EL NINO, PHYTOPLANKTON, AN UNEXPECTED SPECIES APPEARS!!

Our week 3 guests hailed from California, Vermont and New Mexico.

After a slow wind blown start to the week one all were treated to quite a show. One of the outstanding memories form this past week must be the extreme amount of vermillion colored phytoplankton blooms that covered huge swaths of the sea and billowed in thick clouds just below the surface. We all wonder what the effect of El Nino is on these blooms, but this El Nino year is certainly full of whales here.

This seemed to have little effect on the whales which poured into the area in large numbers this past week.
The whale news began with our first Fin whales of the season, 7 in total. They were seen in 3 cow/calf pairs plus one adult that spent the better part of 3 hours following closely behind a Blue whale. Blue whales were seen in significant numbers this week and many of them are the same individuals that have been in the area for a full 3 weeks now. Humpbacks seem to be almost everywhere we go and our dolphin encounters were rich this week, with large pods of many hundreds, lots of bow riding, and some jumping.

But by far the surprise encounter of the week and of the season happened on our last day. This day began with 5 Humpback whales within just a few minutes of the marina. They were in 2 pairs plus a single. We stopped to check out the first pair which promptly took 2 breaths and then dove. We had only been on the water for 7 or 8 minutes at this point. We sat and waited for them to reappear and one did a full breach about 30 meters in front of us and just as it landed the other breached right next to it. Now we were sure all wide awake, the Humpbacks quited down and we then headed out to the big surprise that awaited us.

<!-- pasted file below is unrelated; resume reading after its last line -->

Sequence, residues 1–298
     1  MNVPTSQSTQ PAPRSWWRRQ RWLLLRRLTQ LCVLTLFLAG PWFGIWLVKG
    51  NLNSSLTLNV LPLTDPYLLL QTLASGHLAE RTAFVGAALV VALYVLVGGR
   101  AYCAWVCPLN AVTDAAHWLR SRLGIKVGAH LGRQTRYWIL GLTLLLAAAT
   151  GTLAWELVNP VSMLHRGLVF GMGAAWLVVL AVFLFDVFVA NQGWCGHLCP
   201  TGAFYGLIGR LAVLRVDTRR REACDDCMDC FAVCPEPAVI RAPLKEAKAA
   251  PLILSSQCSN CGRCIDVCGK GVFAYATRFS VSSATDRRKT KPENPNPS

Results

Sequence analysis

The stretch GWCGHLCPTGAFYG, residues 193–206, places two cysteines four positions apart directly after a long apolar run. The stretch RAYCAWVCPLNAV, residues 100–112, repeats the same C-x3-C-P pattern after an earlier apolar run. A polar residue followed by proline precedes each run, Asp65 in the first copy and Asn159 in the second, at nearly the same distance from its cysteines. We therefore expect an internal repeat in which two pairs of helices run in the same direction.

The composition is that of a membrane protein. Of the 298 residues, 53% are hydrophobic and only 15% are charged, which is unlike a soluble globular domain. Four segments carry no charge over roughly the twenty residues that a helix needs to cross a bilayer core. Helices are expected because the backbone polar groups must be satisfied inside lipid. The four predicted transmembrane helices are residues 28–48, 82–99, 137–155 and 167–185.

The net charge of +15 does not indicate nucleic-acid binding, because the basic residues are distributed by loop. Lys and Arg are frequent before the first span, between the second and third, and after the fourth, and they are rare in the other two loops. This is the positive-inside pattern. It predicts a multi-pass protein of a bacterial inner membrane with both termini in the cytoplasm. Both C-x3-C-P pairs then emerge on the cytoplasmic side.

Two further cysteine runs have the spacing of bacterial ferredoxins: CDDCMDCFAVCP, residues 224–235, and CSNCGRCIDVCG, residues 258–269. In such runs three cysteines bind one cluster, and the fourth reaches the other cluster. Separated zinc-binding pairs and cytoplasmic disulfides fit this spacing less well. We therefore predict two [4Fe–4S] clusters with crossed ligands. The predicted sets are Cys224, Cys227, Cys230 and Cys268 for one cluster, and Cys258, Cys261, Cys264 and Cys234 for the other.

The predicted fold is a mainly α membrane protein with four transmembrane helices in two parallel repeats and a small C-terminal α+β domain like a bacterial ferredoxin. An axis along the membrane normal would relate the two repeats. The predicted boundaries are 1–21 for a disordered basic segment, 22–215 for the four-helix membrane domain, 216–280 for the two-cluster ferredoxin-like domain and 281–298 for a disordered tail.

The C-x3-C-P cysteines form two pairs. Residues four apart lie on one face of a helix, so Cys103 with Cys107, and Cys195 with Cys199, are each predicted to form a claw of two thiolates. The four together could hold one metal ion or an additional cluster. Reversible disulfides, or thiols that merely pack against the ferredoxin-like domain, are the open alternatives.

About an hour later we found one of our favorites here, Short Finned Pilot whales. These family oriented large “dolphins” came into our bow and delighted everyone aboard with their short explosive breaths. We noticed what at first we thought were Bottlenose dolphins near to the Pilot whales. But at a closer glance they looked a little too big and their heads looked a little to light. I quickly realized that we were seeing 4 Risso’s dolphins, a species I have never seen in the sea of Cortez previously. It took a while but eventually we were able to see their white heads, and their heavily scratched up bodies. They tussle with one another leaving numerous teeth marks and apparently also get scars from their battles with squid. At times they were very close to the Pilot whales and one of the breached a few times in a row making photographs easy to get.

The day would up with 4 Blue whales, one of which was extremely close to the coast in an area I’ve never seen blue whales in before. Many of this seasons Blue whales are appearing thin, so this is a very important time for them to fatten up. We observed the first Blue whale surface feeding of the year twice this week.

We are now into the middle part of our season and the sea is rich and the whales are here and actively feeding. Seeing the Pilot whales and Risso’s dolphins who are both squid eaters, was not only a highlight but it made us wonder if Sperm whales might around.

Stay tuned for the week 4 report next Sunday. The winds appear to be fair and our wanderings are sure to bring up surprises on this rich sea.
We have some very old time Blue whales that have not been seen this year and our eyes will be peeled looking for them.